Cambridge Street could be in for lots of changes
Can MGH expansion, Blue-Red subway connection coexist?
CAMBRIDGE STREET in Boston is starting to look a lot like a public policy war zone.
As it runs from Bowdoin Street down toward the Longfellow Bridge, Cambridge Street passes by a Whole Foods Market, medical office buildings, and the entrance to Massachusetts General Hospital. MGH announced on Tuesday that it wants to tear down a parking garage and other buildings it owns along Cambridge Street and erect two, connected, 12-story towers that would house patient rooms, a heart center, a cancer center, operating rooms, and other facilities.
The $1 billion project, targeted for completion in 2026, may be the largest expansion ever proposed by a hospital in the state. Mass General says it desperately needs the new space to accommodate patients and to upgrade facilities that are outdated. The Boston Business Journal reported that MGH may also need to expand its research facilities in the near future.
“If this region wants a world-class academic medical center like MGH, we have to renew our campus and keep it modern and terrific for our patients and competitive not only with local competition but the national competition as well,” Mass General President Peter Slavin told the Boston Globe.
The Baker administration, in a draft of its transit vision for 2040, didn’t include a subway connection between the Red and Blue Lines. Instead, it proposed an underground passenger walkway between State Street on the Blue Line and Downtown Crossing on the Red. Since then, transit advocates have been pushing to have the pedestrian link shelved and a subway connection included in the 2040 vision planning document. A hearing on the issue is scheduled for early February.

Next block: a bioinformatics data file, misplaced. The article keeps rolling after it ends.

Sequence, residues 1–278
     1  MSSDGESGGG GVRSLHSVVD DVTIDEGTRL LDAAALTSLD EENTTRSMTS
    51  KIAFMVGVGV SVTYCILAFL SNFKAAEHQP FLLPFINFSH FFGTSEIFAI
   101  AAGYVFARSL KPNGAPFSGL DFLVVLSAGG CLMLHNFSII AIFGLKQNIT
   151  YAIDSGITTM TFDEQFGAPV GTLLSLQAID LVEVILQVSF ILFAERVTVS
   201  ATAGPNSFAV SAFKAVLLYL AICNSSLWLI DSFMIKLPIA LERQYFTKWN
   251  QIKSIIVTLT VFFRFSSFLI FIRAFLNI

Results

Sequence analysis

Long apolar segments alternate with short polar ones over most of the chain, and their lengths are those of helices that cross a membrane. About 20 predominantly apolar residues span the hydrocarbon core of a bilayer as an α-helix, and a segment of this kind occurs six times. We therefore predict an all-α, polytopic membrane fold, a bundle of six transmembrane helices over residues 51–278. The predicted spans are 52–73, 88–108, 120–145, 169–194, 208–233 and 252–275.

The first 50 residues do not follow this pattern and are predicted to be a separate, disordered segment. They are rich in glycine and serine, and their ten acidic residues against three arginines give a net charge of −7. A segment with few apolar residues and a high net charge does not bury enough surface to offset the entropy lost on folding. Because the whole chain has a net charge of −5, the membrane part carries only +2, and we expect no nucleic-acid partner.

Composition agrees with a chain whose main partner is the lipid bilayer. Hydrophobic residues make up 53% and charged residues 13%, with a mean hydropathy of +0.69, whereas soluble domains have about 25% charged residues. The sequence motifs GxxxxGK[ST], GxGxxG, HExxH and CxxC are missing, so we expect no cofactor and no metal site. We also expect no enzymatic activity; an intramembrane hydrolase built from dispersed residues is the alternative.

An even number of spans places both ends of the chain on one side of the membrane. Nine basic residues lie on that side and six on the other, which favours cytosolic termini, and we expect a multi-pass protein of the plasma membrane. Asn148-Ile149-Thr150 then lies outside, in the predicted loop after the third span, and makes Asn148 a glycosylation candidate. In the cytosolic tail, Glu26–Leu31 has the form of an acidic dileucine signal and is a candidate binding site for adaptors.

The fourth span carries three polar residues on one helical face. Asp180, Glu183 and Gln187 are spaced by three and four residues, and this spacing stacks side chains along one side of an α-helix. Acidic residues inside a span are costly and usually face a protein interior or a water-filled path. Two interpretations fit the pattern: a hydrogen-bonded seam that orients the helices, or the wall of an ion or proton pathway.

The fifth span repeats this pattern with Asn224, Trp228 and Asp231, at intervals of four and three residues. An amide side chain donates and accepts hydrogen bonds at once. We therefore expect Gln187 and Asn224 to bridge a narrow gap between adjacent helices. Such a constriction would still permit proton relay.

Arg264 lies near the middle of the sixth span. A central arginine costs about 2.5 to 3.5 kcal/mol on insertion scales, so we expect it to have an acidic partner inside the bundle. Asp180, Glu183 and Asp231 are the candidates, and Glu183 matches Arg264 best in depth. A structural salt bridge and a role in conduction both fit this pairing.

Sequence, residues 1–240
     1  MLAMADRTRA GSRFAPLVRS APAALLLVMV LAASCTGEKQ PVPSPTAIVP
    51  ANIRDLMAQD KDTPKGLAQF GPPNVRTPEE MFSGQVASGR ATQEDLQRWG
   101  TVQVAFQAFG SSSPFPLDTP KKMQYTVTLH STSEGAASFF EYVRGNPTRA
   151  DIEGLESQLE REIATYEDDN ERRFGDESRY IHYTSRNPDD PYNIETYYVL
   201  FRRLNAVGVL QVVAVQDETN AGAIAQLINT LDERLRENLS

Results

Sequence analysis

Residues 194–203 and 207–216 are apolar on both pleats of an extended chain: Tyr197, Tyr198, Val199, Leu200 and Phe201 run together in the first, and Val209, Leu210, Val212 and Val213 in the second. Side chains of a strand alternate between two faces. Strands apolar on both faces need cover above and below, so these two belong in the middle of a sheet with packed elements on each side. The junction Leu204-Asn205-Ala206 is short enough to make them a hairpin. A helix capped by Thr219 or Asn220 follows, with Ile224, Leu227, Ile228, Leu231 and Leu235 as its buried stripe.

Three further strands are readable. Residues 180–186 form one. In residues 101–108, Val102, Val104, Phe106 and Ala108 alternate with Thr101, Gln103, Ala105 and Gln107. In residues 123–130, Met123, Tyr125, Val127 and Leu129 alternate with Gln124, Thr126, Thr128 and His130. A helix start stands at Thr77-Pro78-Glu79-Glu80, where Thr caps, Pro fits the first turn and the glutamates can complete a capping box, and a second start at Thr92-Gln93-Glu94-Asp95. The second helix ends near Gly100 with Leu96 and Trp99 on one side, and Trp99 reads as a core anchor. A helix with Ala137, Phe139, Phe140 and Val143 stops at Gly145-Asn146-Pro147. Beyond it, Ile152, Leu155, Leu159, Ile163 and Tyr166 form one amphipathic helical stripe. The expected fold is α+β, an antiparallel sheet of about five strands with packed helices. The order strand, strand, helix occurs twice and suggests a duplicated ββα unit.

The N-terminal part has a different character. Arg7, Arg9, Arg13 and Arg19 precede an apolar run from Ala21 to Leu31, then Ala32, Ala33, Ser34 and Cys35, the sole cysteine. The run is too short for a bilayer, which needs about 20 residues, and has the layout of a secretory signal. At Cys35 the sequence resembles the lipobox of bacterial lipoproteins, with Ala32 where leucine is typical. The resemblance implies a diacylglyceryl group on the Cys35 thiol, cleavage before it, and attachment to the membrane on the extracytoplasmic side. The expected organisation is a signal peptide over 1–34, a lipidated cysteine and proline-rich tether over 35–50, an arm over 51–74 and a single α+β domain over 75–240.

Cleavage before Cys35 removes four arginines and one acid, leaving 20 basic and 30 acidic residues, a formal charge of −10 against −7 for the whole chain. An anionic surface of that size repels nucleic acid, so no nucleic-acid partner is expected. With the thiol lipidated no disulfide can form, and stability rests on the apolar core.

The transit advocates have made some headway. Joe Aiello, the chairman of the T’s Fiscal and Management Control Board, has been saying some positive things. And a study recently suggested a Red-Blue subway connection could be built for far less money than previously thought.
The study indicates the best way to build the connection would be using an approach called cut and cover – digging up Cambridge Street, installing the subway tunnel, and then covering it up again and reconstructing the street.
But how will digging up Cambridge Street fly with Mass General? Will Boston’s largest employer want its front entrance to be a giant hole in the ground during construction?
David Hanitchak, the hospital’s vice president for real estate, said a Red-Blue subway connection would make it easier for employees, patients, and their families from north of the city to reach MGH. As for the mess during construction, he seemed to take it in stride.
“In the long run, it would be worth it; in the short run it would be disruptive to the hospital and the community,” he said. “We, as well as the community, would work with the city and T as they develop their construction plans to minimize the disruption as is done with all major projects in the city.”Jim Aloisi, a former secretary of transportation and a board member at TransitMatters, said on Twitter that the planned MGH expansion is another reason why a Blue-Red connection is needed.
Salvucci pointed out that the Seaport District is now booming and no one wants to start digging up the area to put transit – in this case, Silver Line buses – underground. Salvucci shakes his head recalling the decision, dismissing the federal officials as “idiots.” He says transit services need to be installed before development takes off, not after all the buildings are up.